Directed by Patrick Lussier
Produced by W.K. Border & Joel Soisson
Written by Joel Soisson & Patrick Lussier
Director of Photography Doug Milsome
Music by Kevin Kliesch
Cast: Jason London, Craig Sheffer, Jason Scott Lee & Diane Neal

2003/85 mins/Color/5.1 DD
2.35:1 anamorphic/English/USA/NTSC Region 1

Review from the Buena Vista Home Entertainment DVD

In MALLRATS, actor Jeremy London starred with Jason Lee. In DRACULA II: ASCENSION, Jeremy's twin brother Jason stars with Jason Scott Lee. It sure is a small world.

DRACULA II: ASCENSION is the sequel to 2000's aptly titled DRACULA 2000. As that film ended, Dracula (here played by Stephen Billingtion, replacing Gerard Butler) was last seen engulfed in flames and dangling from a cross. As DRACULA II opens, Dracula's corpse is brought into the morgue by EMT Luke (Jason London). After examining the body, Luke and coroner Elizabeth (Diane Neal) realize that the body is that of a vampire. Suddenly, Luke is contacted by an investor, Eric (John Light), who wants to purchase the corpse. Elizabeth checks with her boyfriend, college professor Lowell (NIGHTBREED's Craig Sheffer), who arranges a location for the vampire to be held. Meanwhile, a strange priest named Uffizi (Jason Scott Lee), who enjoys using a barbed whip and a scythe, is on the trail of Dracula.

Being scientists, Lowell and Elizabeth, along with assistants, Kenny (Khary Payton) and Tanya (Brande Roderick), decide that they must experiment on the vampire, and of course, this revives him. However, they are able to keep Dracula incapicitated so that they can study him. However, the vampire still has power, and he begins to work his will over his captors. As the group begins to disintegrate, and Dracula gains power, Uffizi races to find the undead and stop him.

DRACULA II: ASCENSION is remarkable in two ways. Firstly, the film manages to be horror-film savvy without wandering into fanboy territory. It's incredibly refreshing when Luke realizes that the smouldering corpse is a vampire. We always watch horror movies and think "Why don't they realize what's going on?" Well, for once, these characters do. And Luke takes the time to educate himself about vampires and how they should be handled.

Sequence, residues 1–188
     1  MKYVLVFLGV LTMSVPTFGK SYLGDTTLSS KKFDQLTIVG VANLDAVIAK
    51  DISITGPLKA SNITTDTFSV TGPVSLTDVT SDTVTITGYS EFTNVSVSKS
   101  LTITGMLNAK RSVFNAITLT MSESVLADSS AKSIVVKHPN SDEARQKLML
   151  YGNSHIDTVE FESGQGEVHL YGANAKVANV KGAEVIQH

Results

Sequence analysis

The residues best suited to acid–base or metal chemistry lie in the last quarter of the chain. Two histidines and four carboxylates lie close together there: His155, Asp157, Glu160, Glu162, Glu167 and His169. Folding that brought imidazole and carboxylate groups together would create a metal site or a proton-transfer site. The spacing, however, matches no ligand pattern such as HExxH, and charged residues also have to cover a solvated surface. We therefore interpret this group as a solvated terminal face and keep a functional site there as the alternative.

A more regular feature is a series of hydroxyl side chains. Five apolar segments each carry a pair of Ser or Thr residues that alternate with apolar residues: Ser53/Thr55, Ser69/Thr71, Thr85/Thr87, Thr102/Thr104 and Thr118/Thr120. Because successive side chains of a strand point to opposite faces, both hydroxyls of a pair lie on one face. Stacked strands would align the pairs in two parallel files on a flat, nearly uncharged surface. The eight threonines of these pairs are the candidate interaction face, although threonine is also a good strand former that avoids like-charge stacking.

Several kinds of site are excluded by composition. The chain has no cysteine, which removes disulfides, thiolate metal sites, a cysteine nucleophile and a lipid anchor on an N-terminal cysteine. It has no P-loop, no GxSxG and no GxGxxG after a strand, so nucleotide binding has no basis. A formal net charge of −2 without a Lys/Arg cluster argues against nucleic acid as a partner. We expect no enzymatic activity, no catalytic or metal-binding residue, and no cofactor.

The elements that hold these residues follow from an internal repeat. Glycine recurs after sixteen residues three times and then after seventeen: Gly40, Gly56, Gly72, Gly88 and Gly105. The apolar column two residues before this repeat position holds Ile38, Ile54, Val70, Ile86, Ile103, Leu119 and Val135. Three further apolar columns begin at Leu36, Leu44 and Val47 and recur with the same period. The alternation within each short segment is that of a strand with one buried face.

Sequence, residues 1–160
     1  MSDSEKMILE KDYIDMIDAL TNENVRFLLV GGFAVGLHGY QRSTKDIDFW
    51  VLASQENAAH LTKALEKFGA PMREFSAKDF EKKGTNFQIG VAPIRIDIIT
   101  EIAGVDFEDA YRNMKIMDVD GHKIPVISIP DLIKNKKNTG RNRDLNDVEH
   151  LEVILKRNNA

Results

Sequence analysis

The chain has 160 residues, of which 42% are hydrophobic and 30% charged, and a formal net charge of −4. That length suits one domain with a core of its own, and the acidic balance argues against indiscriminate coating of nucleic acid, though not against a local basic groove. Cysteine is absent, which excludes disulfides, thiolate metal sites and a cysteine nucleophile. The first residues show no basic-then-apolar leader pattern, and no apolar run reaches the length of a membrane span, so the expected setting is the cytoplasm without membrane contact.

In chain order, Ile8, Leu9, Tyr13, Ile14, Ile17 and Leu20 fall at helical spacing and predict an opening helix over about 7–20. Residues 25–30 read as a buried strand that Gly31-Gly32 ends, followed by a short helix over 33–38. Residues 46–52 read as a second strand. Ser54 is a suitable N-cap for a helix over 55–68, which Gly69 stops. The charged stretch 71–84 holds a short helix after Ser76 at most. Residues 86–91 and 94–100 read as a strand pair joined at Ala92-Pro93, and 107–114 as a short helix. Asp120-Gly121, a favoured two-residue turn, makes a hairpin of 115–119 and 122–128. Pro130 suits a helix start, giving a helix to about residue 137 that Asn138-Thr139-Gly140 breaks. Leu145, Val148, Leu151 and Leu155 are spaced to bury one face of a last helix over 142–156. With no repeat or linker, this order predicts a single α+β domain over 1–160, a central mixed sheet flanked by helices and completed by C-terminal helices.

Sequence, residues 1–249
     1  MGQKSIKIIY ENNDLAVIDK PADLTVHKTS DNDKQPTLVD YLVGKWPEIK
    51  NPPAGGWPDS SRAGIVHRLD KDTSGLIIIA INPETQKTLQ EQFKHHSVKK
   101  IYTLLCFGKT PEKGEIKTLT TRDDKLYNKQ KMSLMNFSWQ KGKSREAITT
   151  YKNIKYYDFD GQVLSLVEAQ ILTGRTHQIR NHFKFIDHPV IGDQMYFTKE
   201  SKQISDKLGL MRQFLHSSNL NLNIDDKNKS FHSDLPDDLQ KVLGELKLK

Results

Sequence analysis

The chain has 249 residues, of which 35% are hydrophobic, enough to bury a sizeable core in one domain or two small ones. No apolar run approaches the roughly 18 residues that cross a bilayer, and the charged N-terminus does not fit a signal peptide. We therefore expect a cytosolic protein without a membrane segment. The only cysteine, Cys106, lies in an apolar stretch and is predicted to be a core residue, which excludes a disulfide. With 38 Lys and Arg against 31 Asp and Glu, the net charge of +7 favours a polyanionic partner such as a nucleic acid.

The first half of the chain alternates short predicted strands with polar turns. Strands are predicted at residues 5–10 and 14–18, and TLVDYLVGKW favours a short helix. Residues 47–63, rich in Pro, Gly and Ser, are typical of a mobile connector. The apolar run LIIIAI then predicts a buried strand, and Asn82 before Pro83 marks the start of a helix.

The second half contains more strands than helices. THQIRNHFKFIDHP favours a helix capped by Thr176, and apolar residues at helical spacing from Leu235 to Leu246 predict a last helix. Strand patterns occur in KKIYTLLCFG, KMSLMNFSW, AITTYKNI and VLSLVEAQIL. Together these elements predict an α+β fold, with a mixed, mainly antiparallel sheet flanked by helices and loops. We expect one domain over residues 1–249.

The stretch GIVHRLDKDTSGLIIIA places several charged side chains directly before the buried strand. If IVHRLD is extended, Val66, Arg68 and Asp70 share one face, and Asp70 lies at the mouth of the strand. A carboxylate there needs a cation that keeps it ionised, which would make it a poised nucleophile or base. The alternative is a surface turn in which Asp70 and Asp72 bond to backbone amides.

Secondly, for a direct-to-video sequel to a film that should have gone directly to video, it's pretty good. The idea of Dracula being a prisoner for the bulk of the movie may sound dull, but it forces co-writers Joel Soisson and Patrick Lussier to bring in other vampires and also to focus on the tension between the humans. And within those characters, there are some surprises as each confronts moral issues and makes their choices. (However, there's nothing in the script here that matches the creativity of the origin of Dracula in DRACULA 2000.) Lussier, who also serves as director, keeps the film moving along at an OK pace, and it never gets boring. However, the film isn't really groundbreaking, and at times, it's quite silly. And, while the film is enjoyable on a certain level, it's never scary and not all that gory. The biggest drawback to DRACULA II is that it is the second part of a planned trilogy (Actually, DRACULA III was filmed simultaneously.), and because of that, it just ends -- just ends in the sense that it's almost unclear what becomes of Luke. And this lame ending almost ruins the film. Other than the fact that we now have to wait for DRACULA III to learn what becomes of the great vampire, DRACULA II is a very servicable film, and is certainly much better than most of the direct-to-video horror crap that's out there.

The DVD of DRACULA II: ASCENSION features an anamorphic widescreen transfer, which has been letterboxed at 2.35:1 (unusual for a direct-to-video film). The image is sharp, but does show a slight amount of grain at times. Despite the film's dark content, DRACULA II was shot with a very naturalistic lighting style. Thus, the dark scenes look fine, but much of the action takes place in daylight. Artifacting and some slight video noise does occur at times, but certainly isn't visible throughout the film. The DVD boasts a Dolby Digital 5.1 audio mix, which provides clear dialogue, music, and effects. The track offers some very nice surround sound effects and a creative use of bass, but these typically only come during the "scare" sequences. Otherwise the bulk of the audio comes through in more of a 3-channel stereo format.

The disc provides a few extras. First, we have an audio commentary with director/co-writer Patrick Lussier, co-writer Joel Soisson, and special makeup effects supervisor Gary Tunnicliffe. This is a fun chat as the trio discusses the making of not only this film, but DRACULA III as well. They relate some good anecdotes about how certain scenes were shot and have nothing but nice things to say about their cast. The other two extras aren't quite as impressive. There are audition tapes for five of the cast members, which are more embarrassing than entertaining. Finally, we have four deleted "scenes", which are made up of only seconds of footage.





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Review by Mike Long. All Right Reserved. 2003. ©